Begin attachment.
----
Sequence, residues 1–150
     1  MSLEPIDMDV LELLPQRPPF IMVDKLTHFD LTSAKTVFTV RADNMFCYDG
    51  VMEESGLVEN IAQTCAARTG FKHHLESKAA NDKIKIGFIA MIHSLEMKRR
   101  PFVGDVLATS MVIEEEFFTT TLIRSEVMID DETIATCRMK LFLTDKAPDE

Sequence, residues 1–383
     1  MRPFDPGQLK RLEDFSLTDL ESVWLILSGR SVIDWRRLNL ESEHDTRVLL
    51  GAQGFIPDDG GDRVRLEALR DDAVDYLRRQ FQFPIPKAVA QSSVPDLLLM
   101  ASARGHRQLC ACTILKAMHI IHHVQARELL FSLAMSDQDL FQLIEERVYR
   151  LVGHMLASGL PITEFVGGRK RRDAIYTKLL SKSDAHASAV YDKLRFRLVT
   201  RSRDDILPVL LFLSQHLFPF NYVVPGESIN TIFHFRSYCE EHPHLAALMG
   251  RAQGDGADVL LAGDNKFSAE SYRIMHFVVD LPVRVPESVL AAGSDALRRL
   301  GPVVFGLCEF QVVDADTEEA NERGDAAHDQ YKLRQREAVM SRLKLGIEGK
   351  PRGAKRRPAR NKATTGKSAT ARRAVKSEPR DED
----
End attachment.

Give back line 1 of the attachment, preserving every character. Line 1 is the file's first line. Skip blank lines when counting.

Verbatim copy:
Sequence, residues 1–150